As with much of life, it is never as easy as a bureaucracy promises; indeed, the complexity of life is in the very bureaucratization of administrative forums.

Sincerely,

Robert R. McGill, Esquire

 

Federal & Postal Disability Retirement: The Happy Meter

We have metrics for everything, now; devices simultaneously wearable as necklaces to gauge heart rates and exercising of limbs; of crystals which tell of emotive alterations throughout the day; and connective apparatus lest we lose a signal within the vast field of human interactions with the greater world in distant horizons.

Then, why not a “happy meter”?  How would it determine the accuracy within a spectrum of a day’s journey?  Would it be based upon a pinnacle on a graph? Or, perhaps it would calculate the average temperature between qualitative quotients of sad, neutral and ecstatic?  Or, maybe it would provide a needle prick, or a gentle nudge with a vibrating sensation or a humming sound which reminds us that we are now in the state we seek, of a joyous moment within the historicity of our own emotions.

But would it work, and would a happy meter merely gauge our state of being, or fulfill a self-fulfilling prophecy of self-aggrandizing need for knowledge reflective of foolish accounts as seen by other cultures and societies?  For the most part, any quantification of self-satisfaction would still require the affirmative input of the subject being studied.

For Federal employees and U.S. Postal workers who suffer from a medical condition, where the medical condition prevents the Federal or Postal worker from performing all of the essential elements of one’s positional duties with the Federal government or the U.S. Postal Service, the idea of gauging happiness as the sole criteria for seeking Federal Disability Retirement benefits is merely to identify one criteria among many.

For, in the end, “happiness” is just a byproduct resulting from multiple other factors, including a future sense of security; an idea of where one fits within the larger schematic plans of the Federal agency or the U.S. Postal Service; where one’s career path will go if the Federal or Postal employee attempts to remain in the job and the agency which cannot be completely fulfilled; whether a viable “accommodation” can be provided to allow the Federal or Postal employee to continue in the same position such that the Federal or Postal employee can perform all of the essential elements of the position; and multiple other and similar elements to consider.

Ultimately, one’s “happiness” cannot be determined by a mere quantification of heart rate, level of perspiration, or the stability of emotions and thought-processes; and while there is no mechanism discovered or invented, yet, which is encapsulated by a commercially salable Happy Meter, perhaps there will be one in the near future.

For the time being, however, one could nevertheless do what men and women have done for centuries, and simply reflect seriously for a moment upon one’s past accomplishments, determining present needs, and plan for one’s future security by taking the affirmative steps necessary to prepare, formulate, and file with the U.S. Office of Personnel Management, an effective Federal Disability Retirement application — today.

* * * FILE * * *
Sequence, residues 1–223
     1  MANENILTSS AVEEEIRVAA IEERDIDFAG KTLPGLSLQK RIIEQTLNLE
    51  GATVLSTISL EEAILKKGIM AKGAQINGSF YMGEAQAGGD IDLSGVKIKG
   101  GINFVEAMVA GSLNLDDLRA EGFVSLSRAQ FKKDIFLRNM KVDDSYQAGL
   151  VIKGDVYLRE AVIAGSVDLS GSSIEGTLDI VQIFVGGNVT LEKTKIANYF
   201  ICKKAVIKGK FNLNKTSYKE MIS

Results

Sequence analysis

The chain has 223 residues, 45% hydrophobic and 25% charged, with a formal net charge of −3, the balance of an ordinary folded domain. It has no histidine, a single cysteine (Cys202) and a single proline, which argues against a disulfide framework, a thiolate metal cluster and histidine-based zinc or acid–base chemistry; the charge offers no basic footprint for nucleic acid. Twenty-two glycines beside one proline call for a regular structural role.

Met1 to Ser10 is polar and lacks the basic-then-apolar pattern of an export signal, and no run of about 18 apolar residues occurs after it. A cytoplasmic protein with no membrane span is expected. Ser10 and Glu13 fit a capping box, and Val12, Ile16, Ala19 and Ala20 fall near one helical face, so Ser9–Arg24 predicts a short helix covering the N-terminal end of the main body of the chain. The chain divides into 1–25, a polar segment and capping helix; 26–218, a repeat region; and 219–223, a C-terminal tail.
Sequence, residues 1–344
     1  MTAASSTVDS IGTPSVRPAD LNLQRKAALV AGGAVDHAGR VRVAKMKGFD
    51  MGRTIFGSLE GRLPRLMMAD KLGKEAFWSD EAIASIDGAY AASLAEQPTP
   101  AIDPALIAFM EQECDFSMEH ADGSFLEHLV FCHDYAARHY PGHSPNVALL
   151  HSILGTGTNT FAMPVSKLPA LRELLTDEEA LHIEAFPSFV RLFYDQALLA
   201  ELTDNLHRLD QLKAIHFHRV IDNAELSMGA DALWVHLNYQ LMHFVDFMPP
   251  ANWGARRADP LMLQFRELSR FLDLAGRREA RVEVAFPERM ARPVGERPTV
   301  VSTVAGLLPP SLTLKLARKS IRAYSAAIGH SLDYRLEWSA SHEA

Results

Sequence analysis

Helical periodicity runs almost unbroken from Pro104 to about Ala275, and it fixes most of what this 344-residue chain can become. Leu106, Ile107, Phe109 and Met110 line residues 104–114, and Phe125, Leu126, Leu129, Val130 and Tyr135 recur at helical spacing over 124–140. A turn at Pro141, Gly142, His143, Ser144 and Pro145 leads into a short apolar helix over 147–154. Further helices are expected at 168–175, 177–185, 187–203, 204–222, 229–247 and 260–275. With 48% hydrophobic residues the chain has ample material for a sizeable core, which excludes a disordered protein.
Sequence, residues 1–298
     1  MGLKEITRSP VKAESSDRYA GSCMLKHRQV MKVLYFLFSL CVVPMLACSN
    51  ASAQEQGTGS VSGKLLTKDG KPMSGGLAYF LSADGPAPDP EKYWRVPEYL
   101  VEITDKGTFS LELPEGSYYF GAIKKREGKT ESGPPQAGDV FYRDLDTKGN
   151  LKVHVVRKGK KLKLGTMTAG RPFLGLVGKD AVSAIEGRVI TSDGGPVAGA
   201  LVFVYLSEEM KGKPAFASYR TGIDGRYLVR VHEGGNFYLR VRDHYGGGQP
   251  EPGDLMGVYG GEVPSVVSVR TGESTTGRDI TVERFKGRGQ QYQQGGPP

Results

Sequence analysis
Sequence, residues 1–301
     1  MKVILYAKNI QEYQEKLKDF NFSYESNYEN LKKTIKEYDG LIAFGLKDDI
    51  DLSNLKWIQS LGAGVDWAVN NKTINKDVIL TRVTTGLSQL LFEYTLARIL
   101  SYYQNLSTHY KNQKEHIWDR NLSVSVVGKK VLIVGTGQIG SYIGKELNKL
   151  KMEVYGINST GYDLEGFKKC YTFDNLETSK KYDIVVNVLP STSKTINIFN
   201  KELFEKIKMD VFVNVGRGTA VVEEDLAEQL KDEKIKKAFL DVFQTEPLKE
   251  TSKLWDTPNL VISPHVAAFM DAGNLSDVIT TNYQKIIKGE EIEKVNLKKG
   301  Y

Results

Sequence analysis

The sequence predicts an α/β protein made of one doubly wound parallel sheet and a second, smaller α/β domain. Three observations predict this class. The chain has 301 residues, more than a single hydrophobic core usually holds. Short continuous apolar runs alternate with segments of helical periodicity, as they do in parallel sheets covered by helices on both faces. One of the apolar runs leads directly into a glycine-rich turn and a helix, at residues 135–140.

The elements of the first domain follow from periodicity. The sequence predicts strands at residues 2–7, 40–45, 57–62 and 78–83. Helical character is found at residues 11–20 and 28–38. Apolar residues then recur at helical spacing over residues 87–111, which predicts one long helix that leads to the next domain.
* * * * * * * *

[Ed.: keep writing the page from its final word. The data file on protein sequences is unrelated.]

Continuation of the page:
Sincerely,

Robert R. McGill, Esquire

 

FERS & CSRS Disability Retirement: Static Divides

Most of our lives are struggles to maintain the status quo; for, as change results in turmoil, so rectitude of unchanged repetition requires the least amount of effort, but mere monotony of action to forego any greater expenditure of further efforts.  It is when the static longevity of identical mirroring of life begins to harm, that it then divides us.

Doing the same thing daily, over and over again, with slight variations to accommodate life’s vicissitudes, allows for the peaceful quietude of daily living; but when such repetition of activity may potentially lead to self-immolation through inactivity of thought, then that is what some term as “insanity”.  When the static calm of daily living results in a division of spoils, it must spur one to a different way of thinking.

Medical conditions tend to do that to us.  For, it is those “outside forces” which we cannot control, which mandates activity previously unforeseen.

Preparing, formulating and filing for Federal Disability Retirement benefits through the U.S. Office of Personnel Management, whether the Federal or Postal employee is under FERS, CSRS or CSRS Offset, is a time of disquietude, precisely because change is now imminent in the projected future of our own imagination.  It means that one must take affirmative steps and actively engage in the process of that very division which we delayed, procrastinated, and persistently disregarded, and perhaps even lied to ourselves about tomorrow, next week, or next month.

The future is always upon us; and when we ignore the perils of tomorrow, we pay for it at the price of today.

Filing for Federal Disability Retirement benefits through OPM is never an easy matter; it is disruptive, a bureaucratic nightmare, and an agony of engagement with a distasteful palate.  But as the time of static division pervades even unto our very soul, it is time to take that step for change and begin to prepare, formulate and file for Federal Disability Retirement benefits through OPM, bringing change into our lives in a world often unchanging but resistant to the enemy of ourselves.

Sincerely,

Robert R. McGill, Esquire